Low-lying cloud banks off the coast of California, Peru and Namibia are some of the planet’s most effective cooling systems, because they reflect sunlight back into space. But new climate simulations show that increasing carbon dioxide concentrations in the atmosphere could break up these cloud layers and exacerbate future warming.
The findings1, published on 25 February in Nature Geoscience, reveal a previously unknown interaction between clouds and greenhouse gases: about three times the current level of atmospheric carbon dioxide can abruptly disperse clouds. Under a business as usual emissions scenario, this could occur in about a century. A world with fewer clouds, projections indicate, could witness up to 8ºC of warming in addition to that caused by greenhouse gases. Earth’s climate would be similar to conditions 50 million years ago, when crocodiles swam in an ice-free Arctic and palm trees grew as far north as Alaska.
“This is a warning shot about the future,” says study co-author Tapio Schneider, who studies cloud dynamics at the California Institute of Technology in Pasadena. “If we do not reduce emissions, very large and difficult-to-reverse climate changes are possible.”
The clouds that clump together into massive sheets over the oceans are called stratocumulus clouds, and worldwide, they can reflect roughly 4 to 7% of the energy from the Sun. But stratocumulus clouds frustrate climate modellers because they’re hard to replicate in computer programs.
Most researchers simplify small-scale phenomena, including clouds, rain, storms and ice, in order to simulate large-scale processes, such as changes in sea-surface temperature, as accurately as possible. There just isn’t enough computing power to handle realistic scenarios for all weather phenomena at once.
To get a more realistic picture of how clouds might behave under future climate scenarios, Schneider and his team simplified the large-scale processes and tried to model cloud behaviour as accurately as possible.
When the researchers cranked up current carbon dioxide levels from 400 parts per million (p.p.m.) to more than 1,200 p.p.m., the atmosphere warmed up and dense cloud layers started to break into smaller, puffier clouds. This occurred because stratocumulus clouds need to radiate heat into the upper atmosphere to maintain themselves — if the atmosphere gets too warm, the cloud banks disperse.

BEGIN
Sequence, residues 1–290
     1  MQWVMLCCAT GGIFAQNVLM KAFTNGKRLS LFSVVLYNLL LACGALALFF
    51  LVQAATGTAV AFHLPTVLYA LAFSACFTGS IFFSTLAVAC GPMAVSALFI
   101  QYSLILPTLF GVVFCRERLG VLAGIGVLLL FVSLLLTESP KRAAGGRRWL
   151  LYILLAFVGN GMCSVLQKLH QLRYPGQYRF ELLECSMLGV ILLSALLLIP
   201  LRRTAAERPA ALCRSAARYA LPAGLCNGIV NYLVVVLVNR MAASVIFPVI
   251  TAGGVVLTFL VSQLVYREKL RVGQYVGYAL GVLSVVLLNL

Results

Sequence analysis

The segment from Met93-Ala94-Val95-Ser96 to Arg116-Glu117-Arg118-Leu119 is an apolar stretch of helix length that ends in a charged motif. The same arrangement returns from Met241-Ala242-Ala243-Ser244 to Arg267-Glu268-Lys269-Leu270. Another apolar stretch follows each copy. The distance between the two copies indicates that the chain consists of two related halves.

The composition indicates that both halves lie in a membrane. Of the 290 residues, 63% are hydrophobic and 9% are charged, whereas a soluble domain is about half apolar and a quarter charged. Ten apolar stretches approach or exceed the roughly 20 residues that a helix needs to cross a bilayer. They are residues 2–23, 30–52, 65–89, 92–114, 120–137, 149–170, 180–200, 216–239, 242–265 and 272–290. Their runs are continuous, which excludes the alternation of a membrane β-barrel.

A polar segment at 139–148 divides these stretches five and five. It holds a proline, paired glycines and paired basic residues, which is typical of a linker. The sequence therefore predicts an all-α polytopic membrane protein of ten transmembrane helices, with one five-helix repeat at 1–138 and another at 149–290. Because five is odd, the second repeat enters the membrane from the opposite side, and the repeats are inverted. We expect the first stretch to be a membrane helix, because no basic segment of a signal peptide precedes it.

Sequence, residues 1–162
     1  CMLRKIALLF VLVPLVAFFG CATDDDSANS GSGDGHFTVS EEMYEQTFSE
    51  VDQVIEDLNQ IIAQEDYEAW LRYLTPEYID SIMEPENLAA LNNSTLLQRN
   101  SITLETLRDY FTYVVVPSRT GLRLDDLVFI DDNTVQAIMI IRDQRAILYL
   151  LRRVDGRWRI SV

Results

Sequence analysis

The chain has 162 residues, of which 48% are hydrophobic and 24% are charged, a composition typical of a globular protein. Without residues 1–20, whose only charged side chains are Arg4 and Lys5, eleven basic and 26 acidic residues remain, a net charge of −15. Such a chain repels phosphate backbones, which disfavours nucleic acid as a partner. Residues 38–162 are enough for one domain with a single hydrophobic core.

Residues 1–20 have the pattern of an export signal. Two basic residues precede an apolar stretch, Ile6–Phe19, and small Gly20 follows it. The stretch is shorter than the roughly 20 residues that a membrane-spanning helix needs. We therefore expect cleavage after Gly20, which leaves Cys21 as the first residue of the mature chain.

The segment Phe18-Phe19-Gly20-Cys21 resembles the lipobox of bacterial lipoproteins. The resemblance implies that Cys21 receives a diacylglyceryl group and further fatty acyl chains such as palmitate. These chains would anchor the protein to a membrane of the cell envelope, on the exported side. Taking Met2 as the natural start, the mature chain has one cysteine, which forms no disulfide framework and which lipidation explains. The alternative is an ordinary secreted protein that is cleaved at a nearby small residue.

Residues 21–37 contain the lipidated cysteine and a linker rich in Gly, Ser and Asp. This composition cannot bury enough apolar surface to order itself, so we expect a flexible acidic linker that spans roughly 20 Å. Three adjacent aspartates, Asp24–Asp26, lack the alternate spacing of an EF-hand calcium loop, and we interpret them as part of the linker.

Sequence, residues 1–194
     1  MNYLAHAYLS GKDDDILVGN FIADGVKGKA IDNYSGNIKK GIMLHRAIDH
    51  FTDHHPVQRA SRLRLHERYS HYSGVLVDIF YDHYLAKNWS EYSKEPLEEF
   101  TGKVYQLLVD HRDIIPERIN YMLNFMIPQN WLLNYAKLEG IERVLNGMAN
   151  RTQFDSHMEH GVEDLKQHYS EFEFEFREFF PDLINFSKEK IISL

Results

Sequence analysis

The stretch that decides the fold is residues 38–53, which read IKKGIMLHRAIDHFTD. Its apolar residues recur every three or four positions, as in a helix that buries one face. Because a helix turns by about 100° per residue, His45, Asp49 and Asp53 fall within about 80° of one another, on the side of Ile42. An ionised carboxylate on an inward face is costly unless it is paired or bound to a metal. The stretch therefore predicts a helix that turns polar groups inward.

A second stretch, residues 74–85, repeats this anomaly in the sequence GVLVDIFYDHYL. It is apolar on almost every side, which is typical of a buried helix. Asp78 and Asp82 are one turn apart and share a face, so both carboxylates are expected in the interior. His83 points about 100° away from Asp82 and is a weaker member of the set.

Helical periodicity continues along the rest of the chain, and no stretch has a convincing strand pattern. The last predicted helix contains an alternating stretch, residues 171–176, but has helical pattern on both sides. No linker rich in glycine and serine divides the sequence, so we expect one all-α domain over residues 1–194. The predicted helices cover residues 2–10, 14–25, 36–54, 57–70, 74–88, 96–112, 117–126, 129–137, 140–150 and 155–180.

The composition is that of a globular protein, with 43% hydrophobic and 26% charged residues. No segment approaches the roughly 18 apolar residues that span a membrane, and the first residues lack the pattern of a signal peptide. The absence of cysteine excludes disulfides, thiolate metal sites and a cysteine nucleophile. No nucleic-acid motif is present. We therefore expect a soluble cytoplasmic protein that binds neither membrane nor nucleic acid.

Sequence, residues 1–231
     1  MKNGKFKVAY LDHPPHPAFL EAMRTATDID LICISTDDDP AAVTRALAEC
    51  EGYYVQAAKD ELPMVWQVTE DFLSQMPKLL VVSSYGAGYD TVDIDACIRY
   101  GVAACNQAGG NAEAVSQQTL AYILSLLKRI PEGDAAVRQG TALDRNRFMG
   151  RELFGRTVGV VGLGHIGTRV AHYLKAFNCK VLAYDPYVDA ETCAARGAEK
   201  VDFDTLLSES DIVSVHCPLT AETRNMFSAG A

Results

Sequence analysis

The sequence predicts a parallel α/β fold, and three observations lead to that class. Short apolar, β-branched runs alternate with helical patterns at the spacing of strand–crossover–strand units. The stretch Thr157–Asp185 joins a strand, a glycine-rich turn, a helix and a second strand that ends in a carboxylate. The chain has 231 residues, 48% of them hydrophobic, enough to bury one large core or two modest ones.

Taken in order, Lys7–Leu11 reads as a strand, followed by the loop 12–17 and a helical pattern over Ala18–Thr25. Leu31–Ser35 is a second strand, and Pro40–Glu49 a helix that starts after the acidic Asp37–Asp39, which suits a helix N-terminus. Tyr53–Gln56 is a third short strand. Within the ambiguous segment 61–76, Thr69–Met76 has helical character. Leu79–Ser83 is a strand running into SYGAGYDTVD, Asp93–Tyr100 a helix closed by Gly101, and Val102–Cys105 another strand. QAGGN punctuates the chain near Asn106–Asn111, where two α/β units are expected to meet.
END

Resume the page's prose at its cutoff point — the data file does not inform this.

“It’s not bonkers,” says Andrew Ackerman, a cloud researcher at NASA’s Goddard Institute for Space Studies in New York. “The underlying mechanism is totally plausible.”
For decades, clouds have remained the leading source of uncertainty in climate-change predictions, including in the models used by the Intergovernmental Panel on Climate Change, says Matthew Huber, a palaeoclimatologist at Purdue University in West Lafayette, Indiana. This means that many models might be underestimating future climate change.
The model proposed by Schneider and his colleagues has similar issues, says Huber. Although the findings point to a warmer world, there’s still a fair amount of uncertainty in those predictions. Some of the large-scale interactions, including how oceans exchange heat and energy with the atmosphere, were simplified or neglected, he says. This makes it hard to know the precise carbon dioxide levels at which stratocumulus clouds become unstable.
But Schneider and other scientists are trying to address the limits of simulating Earth's atmosphere in computer programs. One approach uses machine learning to teach global climate models to better represent clouds by training them on real-world observations and simulations that detail smaller-scale processes. This could lead to faster and more reliable ways of forecasting future climate.
Whatever these models predict, people need to be ready for significant changes to our climate, says meteorologist Paquita Zuidema at the University of Miami in Florida. These shifts were common in the past, she says, “and Tapio’s work suggests how another one could happen in the future”.
The study serves as a reminder that a warmer world might hold surprises for us, says Huber. “And those surprises are not pleasant.”